Mark Williams and Neil Robertson booked their places into the World Championship Play-off as they knocked out defending champion Yan Bingtao and Judd Trump respectively. The top four players will face off at snooker’s showpiece event in March to determine who takes home the title of world number one.
|Alexandra Palace in London is the location for this event. The dates are 9-16 January.|
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In a dramatic first-round Masters match at Alexandra Palace, Mark Williams delivered a classic performance to defeat reigning champion Yan Bingtao 6-4.
Yan, 21, got off to a strong start, breaking 64, 71, and 57 to grab a 3-1 lead.
After Yan kept his hopes alive with a 122, Williams, 46, answered with four half centuries and a century, and clinched his victory with an 85-run innings.
Neil Robertson progressed as well, defeating Anthony McGill 6-3 in a game littered with errors.
Williams will now play either John Higgins or Zhao Xintong in the quarter-finals on Thursday, while Robertson will face either Ronnie O’Sullivan or Jack Lisowski in the last eight.
Robertson stumbles his way to victory.
After been knocked out of the competition at the first hurdle the past two years, 2012 champion Robertson will be happy simply to get the tournament started with a victory against Scotland’s McGill.
Robertson was unconvincing, and he benefited much from McGill’s repeated inability to capitalize on some shoddy potting and shoddy safety.
After being outplayed for most of the first half of the match, the 39-year-old Australian made a 75-point break to tie the game at 2-2 at the mid-session intermission, and then went 3-2 up with a 94-point run after being outplayed for much of the first half.
However, he dominated the next few frames, hitting breaks of 57 and 62 to seal his victory.
“It was difficult,” Robertson said in an interview with Sport.
“I probably took too much time off during the holidays. I felt pretty rusty in a few frames, and Anthony made it incredibly difficult for me. He made it very clear that he didn’t want me to see any long balls or produce anything dangerous.”
Williams, a seasoned pro, takes center stage.
Yan’s win at the Marshall Arena in Milton Keynes a year ago was played out behind closed doors, but today was his first time playing in front of a crowded arena at the tournament’s more established venue.
But the Chinese player showed no signs of anxiety or pressure as he took a comfortable lead into the break, with Williams looking like he was about to continue his poor form at the Masters, having lost five of his previous six first-round matches.
Two wayward pots to the middle pockets and a missing black off its location lost Williams three frames in which he seemed poised to making significant breaks.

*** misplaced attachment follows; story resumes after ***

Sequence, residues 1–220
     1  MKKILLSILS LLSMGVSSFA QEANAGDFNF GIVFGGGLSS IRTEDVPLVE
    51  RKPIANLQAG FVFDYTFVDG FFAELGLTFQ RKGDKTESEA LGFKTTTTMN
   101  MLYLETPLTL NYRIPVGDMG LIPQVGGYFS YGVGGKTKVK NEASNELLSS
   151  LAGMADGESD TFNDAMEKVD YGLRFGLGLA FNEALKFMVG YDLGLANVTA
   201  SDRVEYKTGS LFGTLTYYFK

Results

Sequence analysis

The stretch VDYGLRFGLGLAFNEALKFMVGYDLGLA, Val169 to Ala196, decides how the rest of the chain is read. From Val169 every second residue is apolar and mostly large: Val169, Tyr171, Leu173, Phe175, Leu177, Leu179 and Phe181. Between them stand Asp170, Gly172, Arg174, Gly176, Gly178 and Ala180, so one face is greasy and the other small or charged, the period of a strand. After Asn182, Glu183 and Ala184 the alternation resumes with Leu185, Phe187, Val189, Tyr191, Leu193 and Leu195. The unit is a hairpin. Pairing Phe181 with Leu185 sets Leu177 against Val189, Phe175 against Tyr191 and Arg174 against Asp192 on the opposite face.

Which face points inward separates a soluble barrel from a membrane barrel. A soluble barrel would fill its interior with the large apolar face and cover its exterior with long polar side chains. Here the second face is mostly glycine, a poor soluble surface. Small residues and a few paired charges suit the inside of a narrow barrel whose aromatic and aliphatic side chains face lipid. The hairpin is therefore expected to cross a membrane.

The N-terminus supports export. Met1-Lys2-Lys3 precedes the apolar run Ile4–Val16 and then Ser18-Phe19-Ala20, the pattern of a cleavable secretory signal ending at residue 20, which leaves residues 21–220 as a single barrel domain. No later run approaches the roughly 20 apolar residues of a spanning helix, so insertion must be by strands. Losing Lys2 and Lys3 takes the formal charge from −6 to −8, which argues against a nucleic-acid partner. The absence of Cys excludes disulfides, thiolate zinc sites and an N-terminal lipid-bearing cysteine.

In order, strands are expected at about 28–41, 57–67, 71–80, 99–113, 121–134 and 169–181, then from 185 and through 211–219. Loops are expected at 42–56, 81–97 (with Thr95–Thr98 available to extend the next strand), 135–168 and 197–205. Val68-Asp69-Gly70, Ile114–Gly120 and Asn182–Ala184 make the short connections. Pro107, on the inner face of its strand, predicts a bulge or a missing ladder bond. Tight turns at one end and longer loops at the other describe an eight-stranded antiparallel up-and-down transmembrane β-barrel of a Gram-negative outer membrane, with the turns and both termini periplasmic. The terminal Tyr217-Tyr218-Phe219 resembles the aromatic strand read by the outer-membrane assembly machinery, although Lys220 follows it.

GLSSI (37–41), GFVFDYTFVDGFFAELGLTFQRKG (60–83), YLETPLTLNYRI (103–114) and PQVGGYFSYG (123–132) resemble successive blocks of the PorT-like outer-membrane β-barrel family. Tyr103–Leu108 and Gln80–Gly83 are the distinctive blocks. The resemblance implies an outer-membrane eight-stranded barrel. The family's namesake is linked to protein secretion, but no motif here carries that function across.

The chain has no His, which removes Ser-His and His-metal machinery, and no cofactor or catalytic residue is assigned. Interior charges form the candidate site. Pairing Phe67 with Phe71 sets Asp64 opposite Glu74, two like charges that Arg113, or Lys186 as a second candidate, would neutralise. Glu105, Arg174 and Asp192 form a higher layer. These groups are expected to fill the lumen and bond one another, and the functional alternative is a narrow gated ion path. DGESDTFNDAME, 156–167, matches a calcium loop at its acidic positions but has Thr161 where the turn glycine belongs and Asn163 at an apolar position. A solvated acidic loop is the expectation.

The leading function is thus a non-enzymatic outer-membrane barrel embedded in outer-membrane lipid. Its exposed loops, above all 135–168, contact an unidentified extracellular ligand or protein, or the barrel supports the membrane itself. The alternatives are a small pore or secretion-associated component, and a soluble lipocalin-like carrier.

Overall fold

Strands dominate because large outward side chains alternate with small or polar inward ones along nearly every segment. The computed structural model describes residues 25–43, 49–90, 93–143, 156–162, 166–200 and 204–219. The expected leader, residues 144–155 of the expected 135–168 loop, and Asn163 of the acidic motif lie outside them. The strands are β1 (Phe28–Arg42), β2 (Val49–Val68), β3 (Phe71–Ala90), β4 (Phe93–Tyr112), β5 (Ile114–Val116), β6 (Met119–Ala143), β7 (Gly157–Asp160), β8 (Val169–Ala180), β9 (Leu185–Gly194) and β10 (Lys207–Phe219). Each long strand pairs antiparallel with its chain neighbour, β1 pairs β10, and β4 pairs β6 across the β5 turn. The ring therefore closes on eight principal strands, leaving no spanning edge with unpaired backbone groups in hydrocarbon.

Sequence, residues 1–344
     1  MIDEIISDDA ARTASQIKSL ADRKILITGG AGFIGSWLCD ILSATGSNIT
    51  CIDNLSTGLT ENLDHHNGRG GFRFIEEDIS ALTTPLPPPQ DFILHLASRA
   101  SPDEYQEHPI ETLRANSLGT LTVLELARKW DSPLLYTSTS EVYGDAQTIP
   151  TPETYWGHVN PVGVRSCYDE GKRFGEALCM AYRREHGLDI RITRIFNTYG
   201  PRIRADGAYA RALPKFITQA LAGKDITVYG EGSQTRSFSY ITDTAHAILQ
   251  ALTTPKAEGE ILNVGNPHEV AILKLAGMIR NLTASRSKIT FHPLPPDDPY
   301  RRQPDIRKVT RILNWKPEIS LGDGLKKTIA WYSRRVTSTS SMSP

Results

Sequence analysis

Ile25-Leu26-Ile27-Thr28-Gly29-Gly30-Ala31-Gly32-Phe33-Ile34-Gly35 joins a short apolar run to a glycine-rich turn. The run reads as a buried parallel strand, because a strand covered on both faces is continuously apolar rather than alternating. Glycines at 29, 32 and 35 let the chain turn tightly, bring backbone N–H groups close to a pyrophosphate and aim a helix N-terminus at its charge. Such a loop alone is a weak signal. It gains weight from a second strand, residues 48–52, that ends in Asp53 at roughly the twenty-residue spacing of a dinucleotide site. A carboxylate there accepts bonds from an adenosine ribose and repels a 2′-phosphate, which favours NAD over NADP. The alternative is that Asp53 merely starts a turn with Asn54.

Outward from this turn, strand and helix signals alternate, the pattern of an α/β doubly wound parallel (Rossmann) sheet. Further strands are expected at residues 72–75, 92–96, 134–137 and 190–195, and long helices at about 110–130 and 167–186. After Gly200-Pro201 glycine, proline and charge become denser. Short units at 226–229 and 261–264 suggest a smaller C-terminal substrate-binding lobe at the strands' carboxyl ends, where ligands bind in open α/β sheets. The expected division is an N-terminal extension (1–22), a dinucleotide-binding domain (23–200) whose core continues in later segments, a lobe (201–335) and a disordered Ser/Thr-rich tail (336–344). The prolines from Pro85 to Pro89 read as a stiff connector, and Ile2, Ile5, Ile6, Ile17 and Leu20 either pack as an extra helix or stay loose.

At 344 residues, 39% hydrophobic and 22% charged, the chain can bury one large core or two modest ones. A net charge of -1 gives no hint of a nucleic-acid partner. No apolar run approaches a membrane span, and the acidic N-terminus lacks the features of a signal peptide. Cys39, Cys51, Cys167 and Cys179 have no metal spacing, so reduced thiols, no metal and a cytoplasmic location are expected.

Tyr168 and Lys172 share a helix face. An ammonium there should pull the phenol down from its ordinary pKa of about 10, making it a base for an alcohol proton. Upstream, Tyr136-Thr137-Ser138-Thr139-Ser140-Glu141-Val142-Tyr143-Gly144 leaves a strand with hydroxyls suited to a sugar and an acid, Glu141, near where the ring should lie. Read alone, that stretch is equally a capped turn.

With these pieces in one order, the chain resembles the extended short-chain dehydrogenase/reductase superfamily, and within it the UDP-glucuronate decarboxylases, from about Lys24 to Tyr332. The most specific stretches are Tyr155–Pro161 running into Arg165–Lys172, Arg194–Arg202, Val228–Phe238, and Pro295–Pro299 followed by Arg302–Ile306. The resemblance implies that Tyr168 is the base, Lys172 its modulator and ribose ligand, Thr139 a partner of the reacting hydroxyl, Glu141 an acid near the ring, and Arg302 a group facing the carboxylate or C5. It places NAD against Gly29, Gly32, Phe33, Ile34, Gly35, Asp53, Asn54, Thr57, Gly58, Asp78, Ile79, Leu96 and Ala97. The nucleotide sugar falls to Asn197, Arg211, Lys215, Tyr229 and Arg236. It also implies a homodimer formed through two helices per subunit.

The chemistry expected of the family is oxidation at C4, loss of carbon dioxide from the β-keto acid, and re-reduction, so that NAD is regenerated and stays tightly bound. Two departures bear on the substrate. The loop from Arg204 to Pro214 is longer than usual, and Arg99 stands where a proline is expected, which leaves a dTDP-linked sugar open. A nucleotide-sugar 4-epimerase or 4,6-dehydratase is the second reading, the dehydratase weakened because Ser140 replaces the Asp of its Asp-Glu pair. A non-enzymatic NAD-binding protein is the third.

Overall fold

Williams’ fightback was sparked by a sprinkle of brilliance and good fortune in the fifth set, which finally propelled him to victory against a player who had not yet been born when he won the first of his two Masters championships in 1998.
The three-time world champion, who is still suffering from the affects of Covid, landed safely after dramatically missing a pot to the left corner, then went on to pot the yellow with a classic underarm stroke before sealing the frame with a one-handed escape from a snooker.
“I practice with them all the time, and I don’t miss many underarm strokes in games,” Williams told Sport.
“There are certain snookers I’d rather play one-handed – it’s not that I’m mocking my opponent; it’s simply that I’m more comfortable with it, and if I can get the majority of them, why not?”
“It’s a good thing I have an afternoon match.” If I played a night match, you can bet I’d be chatting to my wife in the home and fast asleep in 10 seconds. It’s simply strange. It seems like you’re always carrying five sacks of coal on your shoulder.
“I’m a lot better than I was a month ago, but I’m still not there.”
After leveling with a break of 62, Williams went on to win the following two frames with breaks of 67, 64, and 104, all without Yan potting a ball.
While the Chinese star came back with a fantastic 122, Williams was able to win the match thanks to a fluke at the start of the 10th session.
John Parrott, a former world champion, on Two
“Mark Williams hasn’t lost his touch. It’s incredible to be delivering that level of snooker at the age of 46.
“He is one of the greats of all time.” He’s different from everyone else; his strokes are intelligent, and despite a handful of flukes, he was consistently hitting the ball well. He was playing some fantastic stuff with the long pots he was knocking in.
“When he was losing, I would have given big money to have a disposition like his and to be as cool, calm, and collected as he was. He was down 3-1 in the match, but apart from his skill, it has always been his trump card.”
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